So according to many legal experts and musicologists, even though it skates dangerously close to the, er, line, “Blurred Lines” is more homage than infringement, no worse than Lady Gaga’s Madonna-imitating “Born This Way” (which was never the subject of a lawsuit). So how did it lose? How was a jury convinced “Blurred Lines” was a clear-cut case of musical plagiarism?
There are many theories flying around today, but most of them boil down to the universal observation that, throughout the legal proceedings, Robin Thicke came across like an asshole. Nobody likes this guy, and the jury probably didn’t like him, either. His defense strategy seemed to consist mainly of throwing Pharrell under the bus, cravenly admitting that he didn’t actually write the song and only took a songwriting credit because he was “jealous” that “the biggest hit of my career was written by somebody else” (which doesn’t even make sense — it’s not like anyone knew, when the songwriting credits were handed out, that “Blurred Lines” was going to spend twelve weeks at No. 1).
The most damning piece of evidence, in the jury’s eyes, was probably a series of 2013 media interviews in which Thicke and Pharrell openly acknowledged “Got to Give It Up” as a source of inspiration for “Blurred Lines.” Thicke tried, unconvincingly, to distance himself from those interviews, too, claiming that he was drunk and high on Vicodin for all of them and didn’t know what he was saying. To the jury, he probably sounded like a man trying to backpedal his way out of an admission of guilt.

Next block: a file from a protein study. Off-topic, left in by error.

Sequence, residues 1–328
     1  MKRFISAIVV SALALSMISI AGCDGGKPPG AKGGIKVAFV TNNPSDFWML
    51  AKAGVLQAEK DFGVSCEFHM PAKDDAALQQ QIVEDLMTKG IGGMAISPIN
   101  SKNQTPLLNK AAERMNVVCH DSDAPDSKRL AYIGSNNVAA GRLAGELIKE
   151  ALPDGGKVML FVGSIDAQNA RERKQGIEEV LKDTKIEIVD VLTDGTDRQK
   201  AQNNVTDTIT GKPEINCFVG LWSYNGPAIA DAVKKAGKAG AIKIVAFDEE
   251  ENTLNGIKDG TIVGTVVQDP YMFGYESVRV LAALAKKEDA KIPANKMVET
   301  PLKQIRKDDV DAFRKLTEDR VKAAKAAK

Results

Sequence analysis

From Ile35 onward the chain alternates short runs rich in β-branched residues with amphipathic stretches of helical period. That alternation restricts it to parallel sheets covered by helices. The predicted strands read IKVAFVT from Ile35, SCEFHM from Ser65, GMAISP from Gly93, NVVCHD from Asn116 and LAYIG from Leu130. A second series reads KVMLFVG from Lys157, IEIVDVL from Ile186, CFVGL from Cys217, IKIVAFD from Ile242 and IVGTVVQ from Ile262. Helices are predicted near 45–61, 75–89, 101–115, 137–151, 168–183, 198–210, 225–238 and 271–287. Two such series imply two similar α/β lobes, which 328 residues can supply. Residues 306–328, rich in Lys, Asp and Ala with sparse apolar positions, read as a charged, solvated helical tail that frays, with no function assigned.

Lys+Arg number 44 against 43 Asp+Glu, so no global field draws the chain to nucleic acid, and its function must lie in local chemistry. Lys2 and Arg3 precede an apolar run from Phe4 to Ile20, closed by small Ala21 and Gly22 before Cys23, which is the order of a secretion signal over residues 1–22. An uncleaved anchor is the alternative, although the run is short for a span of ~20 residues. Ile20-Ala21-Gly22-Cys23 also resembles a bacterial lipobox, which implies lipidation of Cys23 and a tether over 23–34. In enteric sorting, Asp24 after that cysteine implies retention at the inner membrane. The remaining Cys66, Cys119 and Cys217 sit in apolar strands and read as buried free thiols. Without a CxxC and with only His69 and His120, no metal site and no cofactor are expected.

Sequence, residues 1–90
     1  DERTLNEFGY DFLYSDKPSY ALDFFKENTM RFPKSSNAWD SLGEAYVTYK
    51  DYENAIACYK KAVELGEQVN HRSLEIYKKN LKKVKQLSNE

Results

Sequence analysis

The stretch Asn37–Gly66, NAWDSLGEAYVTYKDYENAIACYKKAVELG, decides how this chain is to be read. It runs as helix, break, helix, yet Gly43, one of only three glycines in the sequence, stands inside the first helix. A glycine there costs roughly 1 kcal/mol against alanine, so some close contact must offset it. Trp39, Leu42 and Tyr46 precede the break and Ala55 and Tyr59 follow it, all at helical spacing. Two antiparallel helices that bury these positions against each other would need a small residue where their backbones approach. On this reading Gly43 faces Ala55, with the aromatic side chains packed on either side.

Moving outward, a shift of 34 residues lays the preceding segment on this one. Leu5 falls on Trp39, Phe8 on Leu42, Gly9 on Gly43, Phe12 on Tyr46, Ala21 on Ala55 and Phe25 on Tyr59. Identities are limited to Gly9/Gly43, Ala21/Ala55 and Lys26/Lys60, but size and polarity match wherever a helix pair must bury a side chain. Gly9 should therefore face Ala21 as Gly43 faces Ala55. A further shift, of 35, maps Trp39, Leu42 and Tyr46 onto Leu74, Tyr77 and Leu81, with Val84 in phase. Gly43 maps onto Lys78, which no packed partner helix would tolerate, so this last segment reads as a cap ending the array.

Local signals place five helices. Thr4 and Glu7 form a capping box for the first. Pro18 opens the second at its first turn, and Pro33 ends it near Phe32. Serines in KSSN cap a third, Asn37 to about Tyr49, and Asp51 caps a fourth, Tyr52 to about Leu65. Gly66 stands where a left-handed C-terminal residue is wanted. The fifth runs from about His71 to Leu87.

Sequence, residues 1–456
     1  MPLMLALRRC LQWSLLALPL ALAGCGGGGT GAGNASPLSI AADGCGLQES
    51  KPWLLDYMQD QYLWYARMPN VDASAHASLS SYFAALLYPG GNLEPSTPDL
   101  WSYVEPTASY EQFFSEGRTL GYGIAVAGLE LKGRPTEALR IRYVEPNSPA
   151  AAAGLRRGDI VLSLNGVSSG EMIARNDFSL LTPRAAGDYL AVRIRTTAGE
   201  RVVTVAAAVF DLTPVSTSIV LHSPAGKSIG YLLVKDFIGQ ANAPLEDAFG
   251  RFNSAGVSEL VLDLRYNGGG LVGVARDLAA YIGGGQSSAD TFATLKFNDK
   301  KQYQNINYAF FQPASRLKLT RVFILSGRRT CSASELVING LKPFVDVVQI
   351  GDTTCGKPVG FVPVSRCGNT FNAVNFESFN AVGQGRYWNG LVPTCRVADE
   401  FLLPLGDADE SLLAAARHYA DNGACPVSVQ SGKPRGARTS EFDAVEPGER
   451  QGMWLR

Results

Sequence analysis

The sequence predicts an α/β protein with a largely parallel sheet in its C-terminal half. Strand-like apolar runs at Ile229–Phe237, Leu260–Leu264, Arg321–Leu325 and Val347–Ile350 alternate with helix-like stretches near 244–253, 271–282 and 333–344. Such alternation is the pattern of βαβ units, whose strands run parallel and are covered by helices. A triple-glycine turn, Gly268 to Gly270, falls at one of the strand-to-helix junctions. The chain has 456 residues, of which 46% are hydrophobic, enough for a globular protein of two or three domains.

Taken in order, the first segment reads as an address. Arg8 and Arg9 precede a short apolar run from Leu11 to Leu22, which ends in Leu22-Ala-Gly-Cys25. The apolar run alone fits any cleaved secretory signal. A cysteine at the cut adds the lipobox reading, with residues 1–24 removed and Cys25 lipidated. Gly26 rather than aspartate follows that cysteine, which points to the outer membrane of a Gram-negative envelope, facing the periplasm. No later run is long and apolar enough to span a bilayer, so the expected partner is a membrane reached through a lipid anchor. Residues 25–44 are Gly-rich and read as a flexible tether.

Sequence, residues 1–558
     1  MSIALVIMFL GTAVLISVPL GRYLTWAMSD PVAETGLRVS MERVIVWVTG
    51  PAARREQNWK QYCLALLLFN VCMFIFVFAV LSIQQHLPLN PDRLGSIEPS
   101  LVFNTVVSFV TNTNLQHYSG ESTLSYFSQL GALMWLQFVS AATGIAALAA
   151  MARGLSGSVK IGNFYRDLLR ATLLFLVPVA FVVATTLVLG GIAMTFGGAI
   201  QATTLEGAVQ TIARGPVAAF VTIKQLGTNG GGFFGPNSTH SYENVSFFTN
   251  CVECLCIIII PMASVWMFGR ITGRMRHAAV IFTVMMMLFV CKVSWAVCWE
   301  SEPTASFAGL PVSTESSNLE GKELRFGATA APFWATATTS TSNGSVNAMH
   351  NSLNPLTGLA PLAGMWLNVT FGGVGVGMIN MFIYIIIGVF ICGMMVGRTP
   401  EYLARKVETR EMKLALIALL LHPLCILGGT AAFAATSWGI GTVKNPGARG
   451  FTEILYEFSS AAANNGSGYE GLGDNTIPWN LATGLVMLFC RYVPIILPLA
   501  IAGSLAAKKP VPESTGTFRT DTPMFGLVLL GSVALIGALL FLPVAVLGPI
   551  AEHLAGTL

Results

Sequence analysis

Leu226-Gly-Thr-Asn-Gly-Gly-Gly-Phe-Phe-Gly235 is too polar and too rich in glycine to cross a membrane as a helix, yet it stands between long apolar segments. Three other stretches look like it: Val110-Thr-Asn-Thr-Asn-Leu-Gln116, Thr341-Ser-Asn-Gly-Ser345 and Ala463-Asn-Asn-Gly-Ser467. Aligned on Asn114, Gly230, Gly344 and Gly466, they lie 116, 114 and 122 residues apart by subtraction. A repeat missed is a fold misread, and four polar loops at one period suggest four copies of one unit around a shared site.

But here’s the problem: Musicians admit their influences all the time. And they should. There are only so many notes on the scale, only so many tempos and drum patterns, only so many harmonics pleasing to the human ear. Every song, no matter how great or how terrible, builds on the work of past artists.
The “Blurred Lines” verdict ignores this, placing for the first time what boils down to “feel” under the heading of copyright infringement. By this logic, the Bob Marley estate can sue pretty much every reggae artist of the past 30 years. The Bo Diddley estate can sue George Michael for “Faith” and Bow Wow Wow for “I Want Candy.” Phil Spector can sue the Raveonettes for their entire catalog.
“If this were to become a standard,” musicologist Michael Harrington told USA Today, “it’s going to be one of the greatest growth industries of all time, suing people who sound like someone else.”
So hate on Robin Thicke all you want. Hate on Pharrell, too, although most people inexplicably seem to find his Arby’s hat more offensive than his contributions to the worst pop song in recent memory. But understand this: However deserving of our contempt these two may be, they’re not deserving of a $7.3 million lawsuit. Their work was homage, not wholesale theft. It may have been a terrible, tacky, derivative homage, but just as the First Amendment protects the most offensive language, copyright law should protect the lamest ripoffs if they fall short of the legal definition of infringement.
Most experts agree: “Blurred Lines” fell short. But now it’s set a chilling precedent for the entire music industry, and all of popular music will likely suffer the effects for years to come. What rhymes with “Hug me” again?